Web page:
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Rep. Jason Chaffetz (R-Utah) told Politico that there would be major action coming from the House Committee on Government Oversight & Reform, which he chairs, when the House returns from a two-week recess in April.
“You can’t ignore this. This is terribly embarrassing and fundamentally not right,” Chaffetz said. “We need to understand what’s happening with the culture. anytime you bring a foreign national into your room, you’re asking for trouble.”
The House Judiciary Committee may also look into the discoveries outlined in the OIG report.
“Once again, some federal law enforcement agents are acting like they belong in a college frat house rather than at a taxpayer-funded law enforcement agency tasked with interdicting illegal drugs,” House Judiciary Committee Chairman Bob Goodlatte (R-Va.) said in a statement. “It’s extremely troubling that federal drug agents lacked the common sense to know that engaging with prostitutes hired by drug cartels was a bad idea.”
“We must ensure that everyone involved is appropriately held accountable for their actions,” he added.
The Justice Department said in its formal response that the agency “will develop policy guidance that communicates the Department’s expectations regarding the solicitation of prostitutes in foreign jurisdictions even when the conduct is legal or tolerated, and ensure that [it includes] language prohibiting this conduct.”
The accusations against the DEA were part of a broader investigation into how the Justice Department’s law enforcement agencies handle sexual harassment and misconduct allegations. The probe also found issues with the FBI, US Marshals Service, and Bureau of Alcohol, Tobacco, Firearms and Explosives.
Report: DEA agents had ‘sex parties’ with prostitutes hired by drug cartels.
A sign with a DEA badge marks the entrance to the U.S. Drug Enforcement Administration (DEA) Museum in Arlington. (Jonathan Ernst/REUTERS)
Drug Enforcement Administration agents allegedly had “sex parties” with prostitutes hired by local drug cartels overseas over a period of several years, according to a report released Thursday by the Justice Department’s watchdog.
The report did not specify the country where the parties occurred, but a law enforcement official familiar with the matter identified it as Colombia.
Seven of the 10 DEA agents alleged to have participated in the gatherings — most of which took place at an agent’s “quarters” leased by the U.S. government — admitted to having attended the parties, the report found. The agents, some of whom had top-secret security clearances, received suspensions of two to 10 days.
Former police officers in Colombia also alleged that three DEA supervisory special agents were provided with money, expensive gifts and weapons from drug cartel members, according to the report.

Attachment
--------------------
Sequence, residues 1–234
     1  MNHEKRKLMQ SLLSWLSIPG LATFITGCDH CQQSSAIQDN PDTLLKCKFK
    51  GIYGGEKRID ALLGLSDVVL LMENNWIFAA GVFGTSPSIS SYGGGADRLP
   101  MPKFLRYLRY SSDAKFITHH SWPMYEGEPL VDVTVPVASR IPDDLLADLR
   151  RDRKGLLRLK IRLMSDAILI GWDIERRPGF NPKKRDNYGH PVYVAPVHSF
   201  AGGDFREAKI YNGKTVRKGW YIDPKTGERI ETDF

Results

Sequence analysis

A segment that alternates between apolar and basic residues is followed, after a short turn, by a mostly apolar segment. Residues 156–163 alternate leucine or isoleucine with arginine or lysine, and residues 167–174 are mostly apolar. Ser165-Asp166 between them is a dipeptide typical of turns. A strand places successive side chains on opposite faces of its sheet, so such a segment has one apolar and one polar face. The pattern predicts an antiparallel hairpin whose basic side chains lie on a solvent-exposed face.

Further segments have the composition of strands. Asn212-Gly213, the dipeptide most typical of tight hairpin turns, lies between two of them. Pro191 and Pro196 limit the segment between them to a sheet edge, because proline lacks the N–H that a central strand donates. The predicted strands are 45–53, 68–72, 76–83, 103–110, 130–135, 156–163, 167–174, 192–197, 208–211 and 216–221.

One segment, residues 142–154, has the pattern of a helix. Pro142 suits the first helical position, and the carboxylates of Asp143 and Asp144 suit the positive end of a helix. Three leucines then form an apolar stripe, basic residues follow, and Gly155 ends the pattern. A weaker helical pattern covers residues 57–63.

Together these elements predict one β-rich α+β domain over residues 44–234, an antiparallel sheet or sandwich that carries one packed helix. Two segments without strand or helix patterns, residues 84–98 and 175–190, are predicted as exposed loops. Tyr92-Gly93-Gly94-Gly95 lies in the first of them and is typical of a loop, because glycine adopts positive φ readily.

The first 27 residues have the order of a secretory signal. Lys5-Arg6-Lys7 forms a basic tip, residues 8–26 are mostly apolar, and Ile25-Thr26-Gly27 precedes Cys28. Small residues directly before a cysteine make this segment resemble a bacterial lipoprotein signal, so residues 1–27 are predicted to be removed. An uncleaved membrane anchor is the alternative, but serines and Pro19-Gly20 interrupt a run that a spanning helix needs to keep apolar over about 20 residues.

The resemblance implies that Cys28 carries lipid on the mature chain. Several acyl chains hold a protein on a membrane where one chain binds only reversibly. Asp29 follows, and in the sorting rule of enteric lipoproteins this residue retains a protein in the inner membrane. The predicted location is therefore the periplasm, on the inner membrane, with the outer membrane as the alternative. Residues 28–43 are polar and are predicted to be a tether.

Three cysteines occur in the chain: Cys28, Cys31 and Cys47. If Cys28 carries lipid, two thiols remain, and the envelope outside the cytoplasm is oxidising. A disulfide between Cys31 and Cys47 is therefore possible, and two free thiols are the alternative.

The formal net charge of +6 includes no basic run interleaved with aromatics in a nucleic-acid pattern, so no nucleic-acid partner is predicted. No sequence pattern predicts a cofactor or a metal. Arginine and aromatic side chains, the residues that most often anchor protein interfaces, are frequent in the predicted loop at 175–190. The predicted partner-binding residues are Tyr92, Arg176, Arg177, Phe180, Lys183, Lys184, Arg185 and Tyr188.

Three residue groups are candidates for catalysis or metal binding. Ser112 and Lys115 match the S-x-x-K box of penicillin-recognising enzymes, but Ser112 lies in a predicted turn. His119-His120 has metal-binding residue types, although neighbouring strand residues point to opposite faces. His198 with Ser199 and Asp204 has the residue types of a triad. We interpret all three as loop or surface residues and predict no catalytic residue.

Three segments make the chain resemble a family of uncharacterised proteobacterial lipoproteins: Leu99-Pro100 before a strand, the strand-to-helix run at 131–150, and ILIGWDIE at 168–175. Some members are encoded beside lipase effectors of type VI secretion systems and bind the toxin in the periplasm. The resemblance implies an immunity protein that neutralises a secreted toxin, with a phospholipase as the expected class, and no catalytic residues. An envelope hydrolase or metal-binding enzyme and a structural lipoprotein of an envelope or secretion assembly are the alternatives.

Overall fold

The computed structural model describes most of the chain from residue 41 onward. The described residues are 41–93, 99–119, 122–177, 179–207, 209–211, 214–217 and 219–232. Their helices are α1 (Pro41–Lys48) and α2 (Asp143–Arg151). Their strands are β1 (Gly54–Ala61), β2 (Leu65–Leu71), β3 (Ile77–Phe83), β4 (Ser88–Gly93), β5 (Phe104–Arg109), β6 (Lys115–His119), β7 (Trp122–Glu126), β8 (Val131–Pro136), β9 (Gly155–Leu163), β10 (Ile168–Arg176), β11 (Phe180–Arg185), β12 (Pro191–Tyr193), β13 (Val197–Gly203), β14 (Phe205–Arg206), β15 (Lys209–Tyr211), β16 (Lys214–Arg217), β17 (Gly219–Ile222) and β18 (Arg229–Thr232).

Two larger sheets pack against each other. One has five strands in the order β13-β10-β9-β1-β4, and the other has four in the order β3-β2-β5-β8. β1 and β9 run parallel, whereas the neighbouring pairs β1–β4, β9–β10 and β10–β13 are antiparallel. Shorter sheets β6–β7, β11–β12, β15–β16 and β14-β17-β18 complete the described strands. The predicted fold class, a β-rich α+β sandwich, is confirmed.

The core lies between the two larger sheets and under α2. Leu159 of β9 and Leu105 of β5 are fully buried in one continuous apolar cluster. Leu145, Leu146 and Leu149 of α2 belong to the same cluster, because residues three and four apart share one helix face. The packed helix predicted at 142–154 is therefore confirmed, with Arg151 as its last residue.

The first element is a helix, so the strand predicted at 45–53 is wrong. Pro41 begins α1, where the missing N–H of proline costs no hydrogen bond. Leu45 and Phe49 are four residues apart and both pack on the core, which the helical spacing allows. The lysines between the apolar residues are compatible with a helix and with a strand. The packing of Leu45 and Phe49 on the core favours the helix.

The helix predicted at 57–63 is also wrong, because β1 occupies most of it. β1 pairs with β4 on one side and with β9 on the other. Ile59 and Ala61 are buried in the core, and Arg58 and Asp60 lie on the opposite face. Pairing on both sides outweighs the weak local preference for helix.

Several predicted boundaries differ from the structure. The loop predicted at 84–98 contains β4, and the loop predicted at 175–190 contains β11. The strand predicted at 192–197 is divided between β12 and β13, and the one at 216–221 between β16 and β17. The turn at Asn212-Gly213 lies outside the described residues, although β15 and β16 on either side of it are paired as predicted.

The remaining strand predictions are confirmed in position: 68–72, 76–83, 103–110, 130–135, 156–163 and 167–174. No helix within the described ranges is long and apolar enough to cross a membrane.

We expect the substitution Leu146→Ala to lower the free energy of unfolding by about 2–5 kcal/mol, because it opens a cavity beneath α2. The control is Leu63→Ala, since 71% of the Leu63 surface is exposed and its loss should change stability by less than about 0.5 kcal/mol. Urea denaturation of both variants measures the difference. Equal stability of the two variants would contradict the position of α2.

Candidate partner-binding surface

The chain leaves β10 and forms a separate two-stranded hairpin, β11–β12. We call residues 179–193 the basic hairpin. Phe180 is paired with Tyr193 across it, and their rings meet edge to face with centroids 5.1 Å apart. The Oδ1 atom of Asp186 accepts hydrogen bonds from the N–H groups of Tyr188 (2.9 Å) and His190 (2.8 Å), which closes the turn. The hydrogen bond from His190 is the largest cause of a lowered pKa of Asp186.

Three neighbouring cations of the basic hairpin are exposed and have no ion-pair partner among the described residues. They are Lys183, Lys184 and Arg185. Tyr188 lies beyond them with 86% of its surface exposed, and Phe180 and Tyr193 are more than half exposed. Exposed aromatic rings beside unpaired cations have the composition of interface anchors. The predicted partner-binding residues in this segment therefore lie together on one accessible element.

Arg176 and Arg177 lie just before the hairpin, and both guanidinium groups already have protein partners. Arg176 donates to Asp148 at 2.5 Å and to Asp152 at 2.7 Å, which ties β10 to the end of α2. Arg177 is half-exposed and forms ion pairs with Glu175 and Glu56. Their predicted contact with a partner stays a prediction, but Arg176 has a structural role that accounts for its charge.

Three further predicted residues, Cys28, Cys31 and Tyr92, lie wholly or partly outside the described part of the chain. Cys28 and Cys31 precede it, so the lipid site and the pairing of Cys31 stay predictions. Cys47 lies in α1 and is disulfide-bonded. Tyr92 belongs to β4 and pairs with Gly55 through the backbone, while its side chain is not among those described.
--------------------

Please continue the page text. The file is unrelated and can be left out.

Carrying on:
“Although some of the DEA agents participating in these parties denied it, the information in the case file suggested they should have known the prostitutes in attendance were paid with cartel funds,” according to the 131-page report by Justice Department Inspector General Michael E. Horowitz.
The findings were part of a much broader investigation into the handling of allegations of sexual harassment and misconduct from fiscal 2009 to 2012 at federal law enforcement agencies — the DEA, the FBI, the U.S. Marshals Service and the Bureau of Alcohol, Tobacco, Firearms and Explosives.
Horowitz said the investigation was “significantly impacted and unnecessarily delayed” by repeated difficulties his office had in obtaining relevant information from the FBI and the DEA. When he did receive the information, he said, it “was still incomplete.”
In a statement, a spokesman for the Justice Department said officials took the issues raised in the inspector general’s report seriously and are “taking steps to implement policies and procedures to help prevent them from happening in the future.”
The investigation was launched in response to congressional inquiries following the 2012 prostitution scandal in Cartagena, Colombia, involving Secret Service agents.
At the time, one Secret Service advance agent implicated in the scandal told investigators that he had met with a prostitute as a result of an informal party that DEA agents hosted with Colombian women, according to officials briefed on the inquiry.
Ten of the 13 Secret Service personnel implicated were pressured to resign or retire, or were forced out of their jobs. Three were able to keep their positions, after it was determined that they had not violated their security clearances.
Much of the inspector general’s report focused on the handling of sexual misconduct allegations rather than specific episodes. The report concluded that the DEA, the FBI and the U.S. Marshals Service did not fully investigate these allegations despite significant evidence of misconduct.
At the FBI and the U.S. Marshals Service, the internal-affairs offices “chose not to investigate” some allegations of sexual misconduct, the report said. At the FBI, in 32 of 258 accusations of sexual misconduct and sexual harassment, supervisors failed to report the allegations.
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